The bigger context matters, too. Hart is only 24 years old, but the former seventh-round pick fizzled out with the New York Giants before signing with the Bengals last offseason. That was on a meager one-year deal in which he struggled mightily as the starter at right tackle, so the Bengals…rewarded him with a big-money extension over three years?
Cincinnati seemed to bid against itself on this one, which is a sour sight considering the team entered free agency with a top-11 pick and top-10 cap space while proven veterans on the market like Ty Nsekhe are going for two years at a reported $14.5 million.
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Nobody would dispute the fact that Le’Veon Bell will help the New York Jets bring along Sam Darnold, but value has to be part of the conversation when talking about free agents.
The Jets dished out a four-year contract for Bell reportedly worth up to $61 million, according to Schefter, with $35 million guaranteed. As Pro Football Talk’s Mike Florio pointed out, it seemed the Jets were bidding against themselves the entire time. They ended up giving him a deadline to commit.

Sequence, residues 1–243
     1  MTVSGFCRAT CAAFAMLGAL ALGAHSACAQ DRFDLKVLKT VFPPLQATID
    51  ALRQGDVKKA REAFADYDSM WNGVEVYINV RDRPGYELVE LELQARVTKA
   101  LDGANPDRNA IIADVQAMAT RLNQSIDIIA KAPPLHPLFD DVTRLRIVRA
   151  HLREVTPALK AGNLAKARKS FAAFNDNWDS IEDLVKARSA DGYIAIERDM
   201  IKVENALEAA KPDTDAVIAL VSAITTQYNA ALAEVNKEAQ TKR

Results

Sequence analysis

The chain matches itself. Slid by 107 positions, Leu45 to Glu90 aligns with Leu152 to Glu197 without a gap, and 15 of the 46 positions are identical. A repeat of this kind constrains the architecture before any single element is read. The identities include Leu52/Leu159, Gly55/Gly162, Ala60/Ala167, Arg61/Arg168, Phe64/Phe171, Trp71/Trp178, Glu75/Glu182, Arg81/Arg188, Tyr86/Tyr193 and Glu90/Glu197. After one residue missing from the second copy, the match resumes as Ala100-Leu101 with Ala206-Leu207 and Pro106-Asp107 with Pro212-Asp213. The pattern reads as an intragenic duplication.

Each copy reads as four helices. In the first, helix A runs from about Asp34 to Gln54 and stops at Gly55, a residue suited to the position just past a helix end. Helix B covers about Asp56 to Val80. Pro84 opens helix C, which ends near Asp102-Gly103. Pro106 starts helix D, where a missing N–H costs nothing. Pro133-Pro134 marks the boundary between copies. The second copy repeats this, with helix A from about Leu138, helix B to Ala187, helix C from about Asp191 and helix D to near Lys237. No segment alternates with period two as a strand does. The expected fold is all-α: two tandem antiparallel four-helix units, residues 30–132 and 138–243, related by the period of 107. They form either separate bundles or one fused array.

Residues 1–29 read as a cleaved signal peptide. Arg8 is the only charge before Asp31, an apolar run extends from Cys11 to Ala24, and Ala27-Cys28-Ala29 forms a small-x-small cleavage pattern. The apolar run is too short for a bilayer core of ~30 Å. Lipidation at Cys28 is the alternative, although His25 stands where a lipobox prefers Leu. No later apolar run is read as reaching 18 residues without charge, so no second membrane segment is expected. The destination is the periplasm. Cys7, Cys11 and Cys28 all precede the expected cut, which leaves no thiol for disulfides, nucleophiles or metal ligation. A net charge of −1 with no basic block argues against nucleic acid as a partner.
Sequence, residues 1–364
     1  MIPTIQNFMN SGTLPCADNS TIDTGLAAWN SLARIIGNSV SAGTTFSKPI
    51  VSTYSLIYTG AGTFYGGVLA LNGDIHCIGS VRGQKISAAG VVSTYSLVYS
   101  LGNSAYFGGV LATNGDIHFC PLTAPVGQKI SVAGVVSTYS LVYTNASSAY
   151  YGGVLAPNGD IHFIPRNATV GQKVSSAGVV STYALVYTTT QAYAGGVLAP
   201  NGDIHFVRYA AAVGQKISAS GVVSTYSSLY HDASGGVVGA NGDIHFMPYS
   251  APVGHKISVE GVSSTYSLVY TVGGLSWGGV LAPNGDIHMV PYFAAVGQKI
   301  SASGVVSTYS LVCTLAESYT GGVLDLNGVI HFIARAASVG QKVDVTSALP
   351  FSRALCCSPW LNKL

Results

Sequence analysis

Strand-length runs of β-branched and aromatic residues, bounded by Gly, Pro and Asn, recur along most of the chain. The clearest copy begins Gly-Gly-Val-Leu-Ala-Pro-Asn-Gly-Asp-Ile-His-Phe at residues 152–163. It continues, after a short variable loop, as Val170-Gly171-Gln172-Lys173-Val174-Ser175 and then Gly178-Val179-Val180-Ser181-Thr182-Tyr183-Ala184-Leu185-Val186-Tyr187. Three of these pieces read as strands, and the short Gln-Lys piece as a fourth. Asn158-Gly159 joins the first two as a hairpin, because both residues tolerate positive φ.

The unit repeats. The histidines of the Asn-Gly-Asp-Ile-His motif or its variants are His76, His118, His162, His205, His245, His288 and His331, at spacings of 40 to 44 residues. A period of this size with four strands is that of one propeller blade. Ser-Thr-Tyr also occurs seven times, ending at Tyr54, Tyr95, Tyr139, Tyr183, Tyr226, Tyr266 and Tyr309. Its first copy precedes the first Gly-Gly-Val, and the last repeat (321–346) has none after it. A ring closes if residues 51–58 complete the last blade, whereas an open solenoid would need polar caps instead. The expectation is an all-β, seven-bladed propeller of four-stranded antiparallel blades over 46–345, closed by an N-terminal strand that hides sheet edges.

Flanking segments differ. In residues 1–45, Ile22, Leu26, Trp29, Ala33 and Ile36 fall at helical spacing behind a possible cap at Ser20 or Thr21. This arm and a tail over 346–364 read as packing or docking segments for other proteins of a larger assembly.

Abundance of cap space aside, throwing this much money at a 27-year-old running back who just spent an entire year out of football has the potential to backfire. It doesn’t help that the free-agent pool also boasted versatile weapons like Tevin Coleman, who is only 25 years old and would have cost less.
No matter what happens with Bell, the Jets have tied an immense amount of guaranteed money to a questionable position with a player other teams weren’t pursuing in the first place.
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The San Francisco 49ers aren’t afraid to throw around some big, risky numbers, either.
They did so early, reportedly throwing former Tampa Bay Buccaneers linebacker Kwon Alexander a four-year, $54 million deal, according to Rapoport, which also includes $27 million in guarantees, per Schefter.
From a talent standpoint, Alexander is worth the money. He’s only 24 years old and a solid option at inside linebacker. But he was arguably not even the best linebacker on the market and is coming off a torn ACL.
Alexander’s availability is a big part of the problem here. He only played in six games last year and has missed four games apiece in two of his other four seasons in the league.